Unite national officer for construction Jerry Swain said: "Hinkley Point is the most significant construction project in a generation, as it is fundamental to the UK's future energy policy.

"It is essential that the lessons learnt and the skills developed at Hinkley are not allowed to be lost in the sands of time.

"To avoid this, the government must urgently make a decision to support the development of Sizewell C, so workers with their skills and experience can bridge across to this project, which is also essential to meet the UK's future energy needs."

Charlotte Childs, GMB national officer for construction and engineering, said: ''GMB are proud to have been involved in HPC from the start, lobbying the government at the time to ensure that HPC became a reality.

"We have worked with EDF to make HPC not only a project delivered by highly skilled, unionised workers but to ensure a legacy of jobs and training that creates the next generation of engineering and construction workers.

"The UK energy market needs new nuclear projects to ensure supply stability through to and beyond its net zero targets.

"GMB are unapologetic advocates for new nuclear projects like Hinkley Point C and the upcoming Sizewell C.

"A just transition needs to have nuclear in the mix and these projects benefit our UK workforce and the communities they are built beside.''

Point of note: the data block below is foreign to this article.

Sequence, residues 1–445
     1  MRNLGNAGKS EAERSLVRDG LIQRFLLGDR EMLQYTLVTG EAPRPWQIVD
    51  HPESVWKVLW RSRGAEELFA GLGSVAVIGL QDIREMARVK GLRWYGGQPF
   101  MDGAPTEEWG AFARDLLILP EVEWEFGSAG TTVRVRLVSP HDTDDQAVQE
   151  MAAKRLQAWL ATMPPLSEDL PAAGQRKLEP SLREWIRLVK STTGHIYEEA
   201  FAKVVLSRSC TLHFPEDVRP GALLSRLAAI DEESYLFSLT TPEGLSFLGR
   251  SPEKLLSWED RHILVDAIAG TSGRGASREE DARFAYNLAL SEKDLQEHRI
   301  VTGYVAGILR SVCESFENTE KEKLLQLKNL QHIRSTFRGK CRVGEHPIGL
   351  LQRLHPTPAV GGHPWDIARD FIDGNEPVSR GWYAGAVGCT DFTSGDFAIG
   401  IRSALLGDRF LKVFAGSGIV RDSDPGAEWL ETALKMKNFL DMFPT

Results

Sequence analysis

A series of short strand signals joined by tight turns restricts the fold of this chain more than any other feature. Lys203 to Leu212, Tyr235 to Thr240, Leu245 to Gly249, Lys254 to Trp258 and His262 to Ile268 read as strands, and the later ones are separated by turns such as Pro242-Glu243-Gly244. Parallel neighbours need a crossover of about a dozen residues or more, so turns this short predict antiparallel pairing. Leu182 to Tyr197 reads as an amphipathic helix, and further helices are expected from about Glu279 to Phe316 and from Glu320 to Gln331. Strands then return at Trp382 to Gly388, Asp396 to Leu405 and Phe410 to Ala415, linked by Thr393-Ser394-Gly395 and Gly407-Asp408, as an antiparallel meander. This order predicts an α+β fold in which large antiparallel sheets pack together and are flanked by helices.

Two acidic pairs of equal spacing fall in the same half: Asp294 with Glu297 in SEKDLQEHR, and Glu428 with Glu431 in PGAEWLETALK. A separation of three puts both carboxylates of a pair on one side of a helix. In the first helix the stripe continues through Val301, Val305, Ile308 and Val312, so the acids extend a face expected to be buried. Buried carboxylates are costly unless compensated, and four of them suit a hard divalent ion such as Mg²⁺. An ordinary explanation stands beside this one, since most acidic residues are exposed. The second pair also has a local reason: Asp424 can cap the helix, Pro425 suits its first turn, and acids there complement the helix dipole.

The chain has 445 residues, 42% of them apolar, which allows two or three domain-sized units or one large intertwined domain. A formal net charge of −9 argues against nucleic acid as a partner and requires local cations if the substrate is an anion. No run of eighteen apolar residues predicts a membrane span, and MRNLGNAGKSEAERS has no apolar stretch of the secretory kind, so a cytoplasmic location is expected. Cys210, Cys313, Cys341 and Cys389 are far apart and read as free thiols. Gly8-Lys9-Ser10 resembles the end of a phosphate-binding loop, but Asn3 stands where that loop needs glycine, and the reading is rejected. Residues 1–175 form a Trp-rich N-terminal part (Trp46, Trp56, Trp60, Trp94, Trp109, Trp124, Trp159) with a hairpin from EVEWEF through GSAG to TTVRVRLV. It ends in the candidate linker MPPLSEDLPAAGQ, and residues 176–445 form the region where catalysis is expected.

Assystem- North West Blackburn based Assystem is providing engineering support to the Hinkley Point C project, one of 270 companies in the North West. Employing 90 people directly on Hinkley Point C and a further 100 across the UK’s nuclear fleet, Assystem is promoting diversity with a goal of recruiting 100 women into the Hinkley Point C project over five years.

Darchem – North-East Based in Stillington near Stockton-on Tees, 400 people are working on Hinkley Point C contracts, building specialised tanks, stainless steel liners and other precision equipment.

Kaefer- North-East Jarrow based Kaefer is delivering specialist steel ductwork sections for the reactor buildings at Hinkley Point C and is one of 59 companies based in the North East. The ductwork will be fabricated at Kaefer’s Jarrow manufacturing facility on the Tyne with 40 people currently working directly on the Hinkley Point C project.

Bilfinger UK - Yorkshire and Humberside Bilfinger UK is one of more than 180 Hinkley Point C suppliers based in Yorkshire and Humberside. In a multi-million-pound contract the business will be leading the fabrication and installation works for the nuclear steam supply system. As part of the work, the company plans to create 350 new UK jobs whilst also refurbishing facilities on Humberside to manufacture 56km of specialised pipework.

Mike Morgan Electrical Services- South-West Mike Morgan Electrical Services are one of over 1,300 businesses based in the South West of England. The Bridgwater-based business works as part of a local joint venture which holds a multi-million-pound contract. As a result of Hinkley Point C, the company has increased its workforce by 70% and now employees 70 people. The company is training 14 apprentices.

William Hare - South Wales William Hare is a specialist steel fabrication company with Hinkley Point C contracts totalling more than £135m. Employing around 700 people in Britain with facilities located in the North-West of England and South Wales, recent expansion has led to the creation of 75 additional jobs, including nine apprentices in Risca near Newport.